Appeal Court findings against Morley and Shafron

Shafron was found to have contravened his duty of care and diligence on two counts:

  • failure to advise the CEO and the board that the DOCI should be notified to the market under the continuous disclosure requirements, and
  • failure to inform the board that the actuarial assessment underpinning the funding allocation to the Foundation was not based on the most recent data and had only a 50% probability of being achieved.

Morley was found in contravention for failing to advise the board that the reviews of the cash flow modelling by external experts were restricted to the logical soundness and technical correctness of the model and explicitly excluded consideration of the model’s key assumptions, including an assumed 11.7% return on investments.

Implications for New Zealand

The Australian Corporations Act places the same duties of care and diligence on “officers” of the company as on directors.  The New Zealand Companies Act does not.  But this does not mean the case can be ignored on this side of the Tasman.  In particular, it is relevant to chief executives and directors who sit on board committees.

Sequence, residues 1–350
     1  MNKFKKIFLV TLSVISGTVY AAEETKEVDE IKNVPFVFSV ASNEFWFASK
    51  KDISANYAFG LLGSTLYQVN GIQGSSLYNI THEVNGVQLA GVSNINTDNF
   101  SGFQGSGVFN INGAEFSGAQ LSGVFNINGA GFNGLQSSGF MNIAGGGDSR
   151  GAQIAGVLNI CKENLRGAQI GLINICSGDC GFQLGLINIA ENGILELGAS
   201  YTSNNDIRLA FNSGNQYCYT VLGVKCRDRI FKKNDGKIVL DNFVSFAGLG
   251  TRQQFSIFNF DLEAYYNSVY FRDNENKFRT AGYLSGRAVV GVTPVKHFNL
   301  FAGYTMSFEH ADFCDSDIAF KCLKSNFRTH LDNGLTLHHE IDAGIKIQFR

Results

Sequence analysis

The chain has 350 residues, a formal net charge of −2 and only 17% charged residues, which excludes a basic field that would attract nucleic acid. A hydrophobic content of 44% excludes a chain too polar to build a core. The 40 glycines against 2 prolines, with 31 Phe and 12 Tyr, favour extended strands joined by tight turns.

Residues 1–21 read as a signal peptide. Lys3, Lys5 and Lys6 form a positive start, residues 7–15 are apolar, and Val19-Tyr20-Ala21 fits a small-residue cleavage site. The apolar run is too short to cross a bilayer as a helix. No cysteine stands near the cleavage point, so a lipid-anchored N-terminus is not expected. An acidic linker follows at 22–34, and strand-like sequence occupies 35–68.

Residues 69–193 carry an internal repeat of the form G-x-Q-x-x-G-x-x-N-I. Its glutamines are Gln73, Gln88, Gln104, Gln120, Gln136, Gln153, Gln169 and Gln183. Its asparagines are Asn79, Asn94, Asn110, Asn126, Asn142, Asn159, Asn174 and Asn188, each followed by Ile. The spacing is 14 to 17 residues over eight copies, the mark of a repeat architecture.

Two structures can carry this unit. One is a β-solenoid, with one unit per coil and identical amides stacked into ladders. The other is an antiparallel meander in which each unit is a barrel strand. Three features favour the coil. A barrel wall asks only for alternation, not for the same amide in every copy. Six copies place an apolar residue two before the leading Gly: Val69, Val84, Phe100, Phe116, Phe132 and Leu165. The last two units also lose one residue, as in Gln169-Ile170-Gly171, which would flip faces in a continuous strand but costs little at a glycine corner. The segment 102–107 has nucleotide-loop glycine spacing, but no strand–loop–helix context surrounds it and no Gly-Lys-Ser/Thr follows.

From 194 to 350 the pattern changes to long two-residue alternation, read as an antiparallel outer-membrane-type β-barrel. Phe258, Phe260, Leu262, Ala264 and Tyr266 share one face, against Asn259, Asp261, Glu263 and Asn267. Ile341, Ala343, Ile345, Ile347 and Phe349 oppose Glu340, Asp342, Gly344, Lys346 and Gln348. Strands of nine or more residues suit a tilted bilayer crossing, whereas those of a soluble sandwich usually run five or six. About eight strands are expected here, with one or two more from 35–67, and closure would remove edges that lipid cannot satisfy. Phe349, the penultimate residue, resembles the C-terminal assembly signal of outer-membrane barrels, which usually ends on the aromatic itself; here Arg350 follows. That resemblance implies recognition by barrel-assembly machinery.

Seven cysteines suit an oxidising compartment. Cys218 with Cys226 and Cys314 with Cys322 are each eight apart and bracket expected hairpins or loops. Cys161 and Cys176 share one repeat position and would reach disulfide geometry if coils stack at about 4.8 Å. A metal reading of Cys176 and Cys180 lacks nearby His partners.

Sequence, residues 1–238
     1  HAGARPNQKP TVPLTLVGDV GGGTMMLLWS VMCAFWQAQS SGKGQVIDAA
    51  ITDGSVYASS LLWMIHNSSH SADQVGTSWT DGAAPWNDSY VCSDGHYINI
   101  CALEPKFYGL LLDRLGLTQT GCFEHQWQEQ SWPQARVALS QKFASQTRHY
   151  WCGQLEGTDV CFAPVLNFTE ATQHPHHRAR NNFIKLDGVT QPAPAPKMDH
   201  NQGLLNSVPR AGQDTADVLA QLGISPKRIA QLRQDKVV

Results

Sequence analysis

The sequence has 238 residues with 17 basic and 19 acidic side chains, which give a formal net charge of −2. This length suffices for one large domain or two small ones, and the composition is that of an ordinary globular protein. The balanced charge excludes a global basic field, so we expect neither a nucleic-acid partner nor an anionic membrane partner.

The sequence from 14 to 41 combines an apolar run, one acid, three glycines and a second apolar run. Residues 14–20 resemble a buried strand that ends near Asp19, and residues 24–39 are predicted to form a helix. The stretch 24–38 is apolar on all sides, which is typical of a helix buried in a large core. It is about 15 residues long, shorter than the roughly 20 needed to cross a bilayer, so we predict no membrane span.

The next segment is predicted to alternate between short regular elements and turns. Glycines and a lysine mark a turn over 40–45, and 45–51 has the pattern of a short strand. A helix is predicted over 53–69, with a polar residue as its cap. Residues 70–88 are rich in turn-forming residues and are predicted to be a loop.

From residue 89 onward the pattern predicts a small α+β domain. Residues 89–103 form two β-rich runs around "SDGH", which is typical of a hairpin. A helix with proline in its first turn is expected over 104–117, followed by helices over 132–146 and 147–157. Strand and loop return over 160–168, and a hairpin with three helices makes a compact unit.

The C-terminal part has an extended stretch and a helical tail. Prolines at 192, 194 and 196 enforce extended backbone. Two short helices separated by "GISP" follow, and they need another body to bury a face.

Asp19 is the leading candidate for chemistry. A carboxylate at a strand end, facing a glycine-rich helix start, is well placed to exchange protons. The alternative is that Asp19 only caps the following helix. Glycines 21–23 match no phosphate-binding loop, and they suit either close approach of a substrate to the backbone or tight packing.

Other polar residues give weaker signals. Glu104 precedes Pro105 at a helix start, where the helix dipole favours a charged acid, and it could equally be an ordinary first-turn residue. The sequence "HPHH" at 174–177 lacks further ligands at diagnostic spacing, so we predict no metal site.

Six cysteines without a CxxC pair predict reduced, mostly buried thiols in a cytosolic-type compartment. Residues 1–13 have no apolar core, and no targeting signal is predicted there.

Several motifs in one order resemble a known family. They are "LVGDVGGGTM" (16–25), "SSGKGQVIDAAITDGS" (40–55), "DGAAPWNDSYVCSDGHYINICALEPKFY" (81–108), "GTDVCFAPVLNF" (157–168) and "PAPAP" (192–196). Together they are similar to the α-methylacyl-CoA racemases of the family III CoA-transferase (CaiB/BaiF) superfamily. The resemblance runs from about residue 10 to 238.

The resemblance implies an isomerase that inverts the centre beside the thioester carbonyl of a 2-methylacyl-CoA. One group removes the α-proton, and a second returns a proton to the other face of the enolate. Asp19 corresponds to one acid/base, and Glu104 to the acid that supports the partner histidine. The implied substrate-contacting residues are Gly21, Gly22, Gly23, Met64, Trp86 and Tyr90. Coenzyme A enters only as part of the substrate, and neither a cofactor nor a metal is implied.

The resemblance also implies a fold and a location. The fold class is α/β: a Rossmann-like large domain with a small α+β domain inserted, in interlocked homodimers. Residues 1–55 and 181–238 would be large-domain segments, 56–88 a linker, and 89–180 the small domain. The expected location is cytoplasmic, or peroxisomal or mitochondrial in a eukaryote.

• Chief executives.  Under the New Zealand Companies Act, “director” includes (for the purposes of core directors’ duties) “a person to whom a power or duty of the board has been directly delegated ... with that person’s consent or acquiescence”.  This will typically be the chief executive (and may sometimes include others, such as the CFO).  A chief executive who is required to play a role in relation to a transaction (analysis, negotiation, entry under delegated authority) might be regarded as a “deemed director” and accordingly required to exercise the care, diligence and skill of a reasonable director in respect of that role.
  • Board committees.  Under the Companies Act, a director must exercise the degree of care, diligence and skill which a reasonable director would exercise in the circumstances taking into account (amongst other things) “the nature of the responsibilities undertaken” by him/her.  A director who has agreed to sit on a board committee – for example, an ad hoc committee established to play the lead governance role for a major transaction – may well have more extensive obligations than those which apply to non-committee members.